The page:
Volume 21, Number 2
This March–April issue of Illinois Heritage highlights the recognition of thirty Illinois churches and synagogues that have been in continuous fellowship for 150 years or more. Currently, more than 200 churches and synagogues have been recognized by the ISHS.
The Bicentennial Year is well underway with many special events planned by local historical societies, libraries, government agencies and other community organizations. As an individual, consider reading one or more books listed in the Illinois Classics: A Bicentennial Reading List, a twelve-month reading list that includes novels, nonfictional works, and poetry, all by Illinois authors and expressive of the Illinois experience.
This issue expresses not only the variety of interests in the state, but what is important at different periods in our state’s history.
“Born, Built and Grown in Illinois”
This year marks the bicentennial of the state of Illinois. Illinois became the 21st state on December 3, 1818 when President James Monroe signed the legislation admitting us to the Union. In honor of this occasion, Governor Bruce Rauner in 2016 issued Executive Order 2016-11, which created the state’s Bicentennial Commission. The commission consists of a diverse group of Illinois residents who have a passion and love for this state. David Scott serves as the ISHS representative on the commission. The purpose of the commission is to develop and implement a statewide program to celebrate the bicentennial. The slogan of the commission is Born, Built, and Grown in Illinois. Using almost entirely private money (with the exception of staff support) and working with partners and generous donors, the commission is moving forward with statewide bicentennial celebration plans.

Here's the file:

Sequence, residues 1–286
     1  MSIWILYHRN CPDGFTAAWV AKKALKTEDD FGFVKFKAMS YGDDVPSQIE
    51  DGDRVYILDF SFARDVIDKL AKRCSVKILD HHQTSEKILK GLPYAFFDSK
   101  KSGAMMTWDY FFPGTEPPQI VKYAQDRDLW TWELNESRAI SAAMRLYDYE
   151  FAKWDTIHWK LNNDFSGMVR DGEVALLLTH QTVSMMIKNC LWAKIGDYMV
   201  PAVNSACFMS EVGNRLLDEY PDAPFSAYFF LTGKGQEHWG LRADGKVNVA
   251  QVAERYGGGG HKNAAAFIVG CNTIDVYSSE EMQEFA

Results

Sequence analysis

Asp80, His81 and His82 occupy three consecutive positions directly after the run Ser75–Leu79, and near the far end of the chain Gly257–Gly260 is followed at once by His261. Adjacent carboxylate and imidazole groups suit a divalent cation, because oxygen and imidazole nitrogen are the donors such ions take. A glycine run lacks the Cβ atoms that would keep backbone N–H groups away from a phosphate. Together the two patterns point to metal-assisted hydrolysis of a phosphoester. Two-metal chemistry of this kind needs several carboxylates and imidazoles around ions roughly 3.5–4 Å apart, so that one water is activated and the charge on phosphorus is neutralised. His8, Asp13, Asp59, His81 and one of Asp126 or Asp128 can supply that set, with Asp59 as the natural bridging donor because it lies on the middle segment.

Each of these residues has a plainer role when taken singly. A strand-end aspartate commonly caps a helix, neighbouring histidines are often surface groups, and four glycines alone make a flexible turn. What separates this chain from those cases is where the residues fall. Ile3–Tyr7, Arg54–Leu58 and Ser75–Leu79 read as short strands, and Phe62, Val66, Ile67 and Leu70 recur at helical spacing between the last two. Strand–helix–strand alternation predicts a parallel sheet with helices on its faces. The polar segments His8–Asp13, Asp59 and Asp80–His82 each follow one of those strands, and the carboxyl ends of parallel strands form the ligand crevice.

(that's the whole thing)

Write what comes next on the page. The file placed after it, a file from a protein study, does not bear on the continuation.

Compiled for Illinois public libraries by John E. Hallwas of the Illinois State Historical Society
This twelve-month reading list includes novels, nonfictional works, and poetry – all by Illinois authors and expressive of the Illinois experience. Along with the twelve-month schedule are some alternative book titles, in case a library wants to customize the 2018 reading list by substituting another notable work of fiction, nonfiction, or poetry.
The Prairie State kicks off its 200th birthday party celebration on December 3, 2017, and the Illinois State Historical Society invites you to let us know what you are doing in your county to celebrate this milestone. Our website features an Events calendar that will highlight your events--bicentennial or otherwise historical--but only if you go to www.historyillinois.org and submit your information. Let us help you get the word out and while you're there, check out "Today in Illinois History" for a sampling of what people have been doing here for the last two hundred years or so.
Our year-end issue of Illinois Heritage is a veritable feast of delights. John Hallwas and Kathleen Spaltro highlight writers with Illinois connections and Cindy Reinhardt takes us to the "almost lost" town of Montgomery Station. Continue farther down into Egypt with photographer Gary DeNeal for a look at misty autumn moments downstate.
As we come to year's end, it's also time to reflect back on our Johnny Appleseed trees--all of which have gone to good homes throughout the state, and look forward to recognizing historic businesses and churches in Illinois. If you have a business in your town that is 100 years old or a church that is 150 years old (or older), please consider nominating them for recognition by the ISHS. Applications for both programs can be found in this issue.
Happy, happy holidays!